An article in PNAS by Justin Yeakel and co-rorkers, describes how a group of lions in Tsavo, southern Kenya, gradually began to specialise on feeding on human beings. This was over 100 years ago, when the lions cooperatively hunted down dozens of railway workers. This is the background, as described by Yeakel et al:
“From March to December 1898, a coalition of two male lions (as inferred by paired track marks and frequent sightings), killed 28 laborers and “scores of unfortunate African natives” during the construction of the railway through Tsavo. The death toll was later revised to 135 humans, although the accuracy of this value has been challenged . On December 9, Lieutenant Colonel J. H. Patterson D.S.O., a British officer and engineer, killed lion FMNH 23970 (Field Museum of Natural History) (Fig 1A). The skull evinced craniodental pathologies, including malocclusion of the jaws and a fractured lower right canine (Fig 1B0. On December 29, Patterson killed lion FMNH 23969 (Fig 1C), the skull of which revealed a fractured upper left carnassial (Fig 1D), which is relatively common among lions. Given that the attacks on humans and livestock ceased after December 9 and December 29, respectively, and on the basis of the appearance of each lion (the skins were described as being uniquely scored by thorns), it is almost certain that the lions Patterson killed were those responsible for the human depredations.”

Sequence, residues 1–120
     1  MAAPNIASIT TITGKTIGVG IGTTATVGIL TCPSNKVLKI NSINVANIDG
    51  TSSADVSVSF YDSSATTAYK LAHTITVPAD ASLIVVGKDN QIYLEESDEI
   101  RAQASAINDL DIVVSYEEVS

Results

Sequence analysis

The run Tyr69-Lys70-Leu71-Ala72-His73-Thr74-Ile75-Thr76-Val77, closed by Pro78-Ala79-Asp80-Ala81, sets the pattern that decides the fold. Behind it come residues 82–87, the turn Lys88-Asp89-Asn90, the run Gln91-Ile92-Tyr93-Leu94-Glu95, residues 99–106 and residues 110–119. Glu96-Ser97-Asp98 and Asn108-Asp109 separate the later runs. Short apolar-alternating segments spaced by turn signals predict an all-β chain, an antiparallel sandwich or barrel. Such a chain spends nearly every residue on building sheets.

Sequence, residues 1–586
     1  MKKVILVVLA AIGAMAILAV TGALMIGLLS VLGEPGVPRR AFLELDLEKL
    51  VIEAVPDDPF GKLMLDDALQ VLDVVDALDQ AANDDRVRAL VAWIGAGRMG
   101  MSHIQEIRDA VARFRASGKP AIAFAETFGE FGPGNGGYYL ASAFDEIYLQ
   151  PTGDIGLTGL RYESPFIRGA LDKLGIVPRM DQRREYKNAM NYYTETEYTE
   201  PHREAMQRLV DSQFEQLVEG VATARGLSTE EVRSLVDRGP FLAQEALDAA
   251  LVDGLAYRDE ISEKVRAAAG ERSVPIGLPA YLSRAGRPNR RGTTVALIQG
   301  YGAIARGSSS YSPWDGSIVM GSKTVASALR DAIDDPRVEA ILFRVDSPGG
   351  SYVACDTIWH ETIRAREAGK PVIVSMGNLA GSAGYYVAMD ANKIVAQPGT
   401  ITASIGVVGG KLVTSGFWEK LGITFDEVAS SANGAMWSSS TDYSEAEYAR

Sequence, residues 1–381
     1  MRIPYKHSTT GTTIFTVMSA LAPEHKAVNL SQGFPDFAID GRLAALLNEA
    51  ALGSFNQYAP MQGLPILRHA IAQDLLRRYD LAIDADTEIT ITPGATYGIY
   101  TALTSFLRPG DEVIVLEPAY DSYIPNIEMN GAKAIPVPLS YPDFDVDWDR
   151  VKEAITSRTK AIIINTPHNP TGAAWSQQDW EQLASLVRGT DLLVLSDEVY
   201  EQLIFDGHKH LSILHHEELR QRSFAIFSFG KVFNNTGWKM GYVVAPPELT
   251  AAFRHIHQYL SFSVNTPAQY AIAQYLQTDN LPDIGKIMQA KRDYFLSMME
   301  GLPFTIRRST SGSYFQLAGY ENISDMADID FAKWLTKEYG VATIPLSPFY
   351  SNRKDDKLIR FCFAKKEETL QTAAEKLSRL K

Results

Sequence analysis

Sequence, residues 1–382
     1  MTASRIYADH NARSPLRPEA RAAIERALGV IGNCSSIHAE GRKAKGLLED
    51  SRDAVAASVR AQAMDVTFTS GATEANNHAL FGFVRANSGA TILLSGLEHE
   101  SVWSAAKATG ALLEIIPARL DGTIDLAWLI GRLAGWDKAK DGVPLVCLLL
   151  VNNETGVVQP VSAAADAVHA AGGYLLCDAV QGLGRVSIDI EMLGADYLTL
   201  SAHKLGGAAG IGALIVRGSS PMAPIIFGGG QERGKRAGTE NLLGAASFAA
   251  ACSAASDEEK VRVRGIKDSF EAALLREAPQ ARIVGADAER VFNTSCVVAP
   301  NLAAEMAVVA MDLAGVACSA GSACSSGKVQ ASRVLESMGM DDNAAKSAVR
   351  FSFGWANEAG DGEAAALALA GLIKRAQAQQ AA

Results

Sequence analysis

This is figure 1 from the paper. The human skulls in Figure 1E were a traditional burial (by humans, not lions) and samples of them were used as a control for the study of lion bones.
Here’s a tiny picture of Patterson (1867-1947), the lion-killer (he went on to write a successful book about his exploits (“The Man-Eaters of Tsavo” – Edgar Rice Burroughs owned a copy) and there have also been three feature films about the man-eating lions:
Using isotopes from the teeth in the lions’ skills, the authors conclude “these findings not only support the hypothesis that prey scarcity drives individual dietary specialization, but also demonstrate that sustained dietary individuality can exist within a cooperative framework. The intensity of human predation (up to 30% reliance during the final months of 1898) is also associated with severe craniodental infirmities, which may have further promoted the inclusion of unconventional prey under perturbed environmental conditions.”
I think, to be honest, this is a case of the notoriety of the subject matter – man-eating lions – driving publication, rather than the inherent interest of the science or the ecology…